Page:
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Legislature withstands stormwater storm, few other environmental efforts pass

For environmental groups, the best news out of the 2014 Maryland General Assembly is not what legislators accomplished, it's what they didn't do.

They did not pass any of the flood of bills attempting to repeal or gut the two-year-old stormwater pollution clean-up law.

"We were really playing defense," said Brent Bolin, of the League of Conservation Voters. "Our goal was to keep the clean water laws intact and we succeeded."

Bills to increase funding to track pesticide use, expand natural "wildlands," and extend tax credits for property redevelopment to foster Smart Growth passed.

But other environmental priorities did not fare well.

Legislation failed that would have reduced the use of a paper mill byproduct called black liquor as a renewable resource. So did the effort to get power companies to boost the share of renewable energy sold from 20 percent by 2020 to 40 percent by 2025.

Bills to curtail or delay possible shale gas mining, so called "fracking," failed.

The ongoing fight to keep Open Space money from the state recordation tax didn't shake loose the full funding needed to keep up with demand for land preservation and recreation.

Legislators defeated bills to delay new agricultural phosphorus rules, though a budget bill compromise requires the Department of Agriculture to do a cost analysis before the program takes effect.

Lobbying veterans planned on it being a relatively ho-hum year, typical of election years.

"In an election year, especially with a change in governor, things get pretty lean," said Dru Schmidt-Perkins of 1000 Friends of Maryland, of environmental breakthroughs. "We will concentrate on issues that might be a topic of conversation for the election. That is the plan we went on."

Holding the line on stormwater legislation fit that bill.

Legislation passed in 2012 required Baltimore City and nine counties with federal water pollution permits to create a program to both fix longstanding stormwater runoff problems and maintain current stormwater systems. It also required they establish a separate means to pay for the programs.

Most jurisdictions turned to a tax or fee based on how much hardened surface, like driveways, parking lots and roofs, are on a property.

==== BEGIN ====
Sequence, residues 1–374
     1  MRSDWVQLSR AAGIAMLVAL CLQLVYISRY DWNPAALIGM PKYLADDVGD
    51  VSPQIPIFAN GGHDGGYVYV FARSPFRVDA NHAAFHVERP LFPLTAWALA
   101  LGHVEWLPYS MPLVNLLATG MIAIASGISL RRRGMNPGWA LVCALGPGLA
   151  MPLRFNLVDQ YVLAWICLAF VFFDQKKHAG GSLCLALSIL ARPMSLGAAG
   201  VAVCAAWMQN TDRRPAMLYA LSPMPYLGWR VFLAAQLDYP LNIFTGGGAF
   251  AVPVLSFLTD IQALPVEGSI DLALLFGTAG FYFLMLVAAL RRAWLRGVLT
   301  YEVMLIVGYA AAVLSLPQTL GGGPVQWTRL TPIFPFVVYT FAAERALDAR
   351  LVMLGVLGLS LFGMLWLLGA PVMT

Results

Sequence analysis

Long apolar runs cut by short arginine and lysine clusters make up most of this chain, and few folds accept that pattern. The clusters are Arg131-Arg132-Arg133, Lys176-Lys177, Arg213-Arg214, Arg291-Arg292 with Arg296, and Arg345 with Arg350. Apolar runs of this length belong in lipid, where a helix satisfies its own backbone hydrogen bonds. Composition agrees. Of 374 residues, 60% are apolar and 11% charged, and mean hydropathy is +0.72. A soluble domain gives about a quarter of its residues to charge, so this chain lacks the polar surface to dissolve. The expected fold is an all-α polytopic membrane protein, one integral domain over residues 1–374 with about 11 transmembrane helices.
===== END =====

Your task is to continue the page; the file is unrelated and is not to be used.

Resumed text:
Republicans, calling the resultant financial burden a "rain tax," pushed to repeal the law or weaken it statewide or in bills aimed at specific jurisdictions such as Anne Arundel.

All 20 bills introduced to curtail stormwater legislation were defeated.

"The few but vocal opponents of clean water threw everything they had at the stormwater legislation this year," Perkins said.

All the bills were defeated in committee or simply stuck in the drawer, the term used to describe a bill that does not come up for a vote in committee.

A determining factor in the stormwater debate was early opposition from leadership. Both Speaker of the House Michael E. Busch and Senate President Thomas V. Mike Miller Jr.declared a stormwater law repeal was not going to happen.

"We had done a lot of work before the session," Bolin said. "When they came out early against repeal, that changed the conversation quite a bit."

Despite the sound defeat of the stormwater bills there was a last minute effort during budget negotiations to allow the 10 jurisdictions to use property tax revenue to do stormwater work, much like Carroll County was able to to do under an agreement with the Maryland Department of the Environment and Attorney General.

In the end, a compromise nixed that maneuver but allowed Carroll and Frederick counties, both of which had not established serious means to fund stormwater work, to use property taxes for stormwater efforts. Both will still have to meet federal stormwater reduction goals and face tougher pollution permits this year.

"It's unfortunate that a few legislators felt compelled to do an end-around the legislative process and insert last-minute language into the budget bill, but at the end of the day Maryland's polluted runoff law is still intact," said Allison Prost, Maryland executive director of the Chesapeake Bay Foundation.

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